LawTalk Blog

Covid-19 Vaccine: Who decides if my loved one gets vaccinated? (Advance Care Directive)

Covid-19 Vaccine

"Will you get the Covid Vaccine?" has been a common question among friends and families in recent days.

Even more so, the debate around the Covid-19 Vaccination continues to take centre stage on many social media platforms, news headlines and even parliamentary debate floors.

To 'jab' or not to 'jab' - that is the question

In Australia, the Covid-19 Vaccination is completely free and not compulsory. That means each individual (or their guardian) chooses whether or not they receive the vaccine and is also required to sign a Consent Form.

Whilst each individual can undertake their own research and decide whether they will receive the vaccine, it is entirely a different question when it comes to making decisions for loved ones who are no longer capable of making such a decision.

Who can make decisions for an incapacitated Family Member? 

If your parent has made valid Advance Care Directives before losing capacity, the Substitute Decision Makers will be signing the vaccination consent on behalf of your parent.

It is important to note that if you have been appointed as the Enduring Power of Attorney for your parent but have not been appointed as a Substitute Decision Maker under his/her Advance Care Directives, you do not have the power to make healthcare decisions on their behalf.

An Advance Care Directive is when someone appoints Substitute Decision Makers to make decisions relating to one's healthcare and other personal matters.

Often these documents will set out one's wishes to guide decisions on their future healthcare, any particular healthcare one refuses, and in what circumstances. More than one Substitute Decision Maker can be appointed - either jointly and/or severally.

Decision Makers appointed jointly and severally make decisions together or separately.

Decision Makers appointed jointly make decisions together with the other appointed decision-makers - both will have to agree to vaccinate their loved one.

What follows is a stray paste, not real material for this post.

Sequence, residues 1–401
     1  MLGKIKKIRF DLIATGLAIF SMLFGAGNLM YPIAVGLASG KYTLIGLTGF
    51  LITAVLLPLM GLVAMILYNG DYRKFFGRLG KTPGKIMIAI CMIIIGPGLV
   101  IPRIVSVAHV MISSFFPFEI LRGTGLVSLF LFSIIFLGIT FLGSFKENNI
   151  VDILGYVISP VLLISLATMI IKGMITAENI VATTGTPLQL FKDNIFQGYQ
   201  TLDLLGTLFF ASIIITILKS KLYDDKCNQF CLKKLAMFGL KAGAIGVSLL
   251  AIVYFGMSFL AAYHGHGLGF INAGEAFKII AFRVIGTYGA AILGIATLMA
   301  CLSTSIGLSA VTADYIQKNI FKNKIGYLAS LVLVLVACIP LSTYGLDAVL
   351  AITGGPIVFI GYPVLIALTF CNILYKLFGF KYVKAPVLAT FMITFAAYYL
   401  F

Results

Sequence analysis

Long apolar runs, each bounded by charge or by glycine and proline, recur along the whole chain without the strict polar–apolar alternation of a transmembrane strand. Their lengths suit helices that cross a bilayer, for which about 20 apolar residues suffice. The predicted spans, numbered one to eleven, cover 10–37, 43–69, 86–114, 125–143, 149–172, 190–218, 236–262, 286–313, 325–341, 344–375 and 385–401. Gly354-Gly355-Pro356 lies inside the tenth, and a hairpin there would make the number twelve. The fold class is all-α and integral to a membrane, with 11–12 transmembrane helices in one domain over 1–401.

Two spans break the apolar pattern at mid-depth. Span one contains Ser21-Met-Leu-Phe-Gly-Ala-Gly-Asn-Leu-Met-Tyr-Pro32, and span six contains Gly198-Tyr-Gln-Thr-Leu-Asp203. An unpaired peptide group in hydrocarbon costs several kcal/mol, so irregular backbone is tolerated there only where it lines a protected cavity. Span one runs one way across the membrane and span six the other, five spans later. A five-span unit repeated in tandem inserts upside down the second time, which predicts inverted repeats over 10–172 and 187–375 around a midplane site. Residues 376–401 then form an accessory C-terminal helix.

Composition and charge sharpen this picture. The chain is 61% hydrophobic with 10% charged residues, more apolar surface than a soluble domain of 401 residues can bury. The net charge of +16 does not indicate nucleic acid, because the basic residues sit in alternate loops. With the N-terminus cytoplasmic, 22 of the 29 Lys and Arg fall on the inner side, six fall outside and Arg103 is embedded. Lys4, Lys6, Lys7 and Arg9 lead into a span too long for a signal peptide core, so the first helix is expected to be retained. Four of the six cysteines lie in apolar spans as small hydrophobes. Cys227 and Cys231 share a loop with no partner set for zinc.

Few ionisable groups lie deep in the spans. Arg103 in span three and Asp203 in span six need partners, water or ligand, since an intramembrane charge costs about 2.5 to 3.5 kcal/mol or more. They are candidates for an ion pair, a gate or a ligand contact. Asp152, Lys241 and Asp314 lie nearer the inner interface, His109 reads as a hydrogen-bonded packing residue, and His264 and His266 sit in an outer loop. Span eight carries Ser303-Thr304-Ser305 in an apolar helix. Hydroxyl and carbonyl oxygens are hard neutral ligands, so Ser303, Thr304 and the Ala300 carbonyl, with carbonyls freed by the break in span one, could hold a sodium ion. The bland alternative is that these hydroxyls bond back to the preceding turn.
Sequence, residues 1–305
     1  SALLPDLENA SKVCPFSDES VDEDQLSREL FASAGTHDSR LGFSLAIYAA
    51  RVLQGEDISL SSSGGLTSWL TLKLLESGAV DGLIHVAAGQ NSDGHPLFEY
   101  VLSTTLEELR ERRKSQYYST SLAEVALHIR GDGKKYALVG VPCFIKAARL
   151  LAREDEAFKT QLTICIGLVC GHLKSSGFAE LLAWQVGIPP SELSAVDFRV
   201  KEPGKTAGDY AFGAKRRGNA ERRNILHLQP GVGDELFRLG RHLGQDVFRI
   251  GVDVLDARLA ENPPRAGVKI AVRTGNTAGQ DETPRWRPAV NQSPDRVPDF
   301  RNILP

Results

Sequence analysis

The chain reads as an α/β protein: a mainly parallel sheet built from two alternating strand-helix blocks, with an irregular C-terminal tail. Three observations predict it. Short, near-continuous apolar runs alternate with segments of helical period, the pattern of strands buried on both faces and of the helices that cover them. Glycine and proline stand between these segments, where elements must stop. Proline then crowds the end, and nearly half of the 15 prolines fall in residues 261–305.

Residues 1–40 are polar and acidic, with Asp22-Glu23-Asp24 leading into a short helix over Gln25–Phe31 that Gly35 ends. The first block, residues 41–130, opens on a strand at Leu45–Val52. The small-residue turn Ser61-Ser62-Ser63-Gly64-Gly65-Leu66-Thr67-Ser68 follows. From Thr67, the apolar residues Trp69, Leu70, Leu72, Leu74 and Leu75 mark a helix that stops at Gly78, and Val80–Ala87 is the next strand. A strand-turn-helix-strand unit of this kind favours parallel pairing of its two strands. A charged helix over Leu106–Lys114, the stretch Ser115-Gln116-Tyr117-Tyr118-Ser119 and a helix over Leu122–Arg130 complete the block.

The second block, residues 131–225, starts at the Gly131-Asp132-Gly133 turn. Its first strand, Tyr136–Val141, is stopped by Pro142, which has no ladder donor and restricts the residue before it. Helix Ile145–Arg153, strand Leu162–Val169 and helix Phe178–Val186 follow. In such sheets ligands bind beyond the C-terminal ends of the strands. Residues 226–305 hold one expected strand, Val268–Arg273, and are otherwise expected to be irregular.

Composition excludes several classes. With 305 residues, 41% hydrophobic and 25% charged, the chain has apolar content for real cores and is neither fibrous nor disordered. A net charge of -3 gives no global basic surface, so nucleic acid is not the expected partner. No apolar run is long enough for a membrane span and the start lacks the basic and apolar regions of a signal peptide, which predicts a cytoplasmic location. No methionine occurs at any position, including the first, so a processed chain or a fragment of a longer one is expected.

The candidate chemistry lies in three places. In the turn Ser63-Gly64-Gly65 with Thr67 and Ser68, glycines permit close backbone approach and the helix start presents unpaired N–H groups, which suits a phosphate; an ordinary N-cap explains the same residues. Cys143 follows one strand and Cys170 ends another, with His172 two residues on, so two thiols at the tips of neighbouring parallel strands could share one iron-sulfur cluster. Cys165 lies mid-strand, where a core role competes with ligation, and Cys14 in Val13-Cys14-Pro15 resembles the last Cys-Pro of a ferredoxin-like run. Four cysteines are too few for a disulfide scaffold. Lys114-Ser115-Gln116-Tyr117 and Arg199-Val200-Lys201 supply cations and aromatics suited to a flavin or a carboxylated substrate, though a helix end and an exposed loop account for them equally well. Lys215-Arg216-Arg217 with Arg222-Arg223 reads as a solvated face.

If your parent has not done a valid Advance Care Directive before losing capacity, you would then be required to make an application to SACAT seeking that a Guardianship Order concerning your parent.

So, what happens if you have been appointed a Substitute Decision Maker under your loved one's Advanced Care Directive? And what happens if you have been jointly appointed and the Decision Makers disagree on whether or not to vaccinate your loved one?

Disagreement of Substitute Decision Makers

When deciding whether to vaccinate their loved one, Substitute Decision Makers may not always agree.

The decision to administer the COVID-19 vaccine falls within the scope of the powers given to Substitute Decision Makers under Advance Care Directives. Further, a dispute relating to the provision of the vaccine falls within the scope of a dispute that may be dealt with by the Office of the Public Advocate or SACAT.

The following people may go to the Office of the Public Advocate or SACAT for assistance with disputes concerning the administration of the COVID-19 vaccine:

  • the person who gave the Advance Care Directive;
  • a Substitute Decision Maker appointed under the Advance Care Directive;
  • a health practitioner providing, or proposing to provide, health care to the person who gave the Advance Care Directive; or
  • any other person who satisfies the Office of the Public Advocate or SACAT that they have a proper interest in a particular matter relating to the Advance Care Directive.

The Office of the Public Advocate and/or SACAT will consider the Substitute Decision Makers' competing views, taking into account any wishes and views expressed by the person who gave the Advance Care Directive, the opinions of a medical practitioner, and any other relevant circumstances. Then, they will conclude as to what is in the best interests of the patient.

 

If you require assistance with a disagreement about vaccinating your loved one or would like to arrange an Advance Care Directive, please contact our Wills and Estates team.

Research for this article was undertaken by Legal Clerk, Catherine Kanellos.


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Get in touch with today's blog writer:
Lynn Pham

Senior Associate in Wills and Estates  and  Elder Law

Please note, this Blog is posted in Adelaide, South Australia by Andersons Solicitors. It relates to Australian Federal and South Australian legislation. Andersons Solicitors is a medium sized law firm servicing metropolitan Adelaide and regional South Australia across all areas of law for individuals and businesses.


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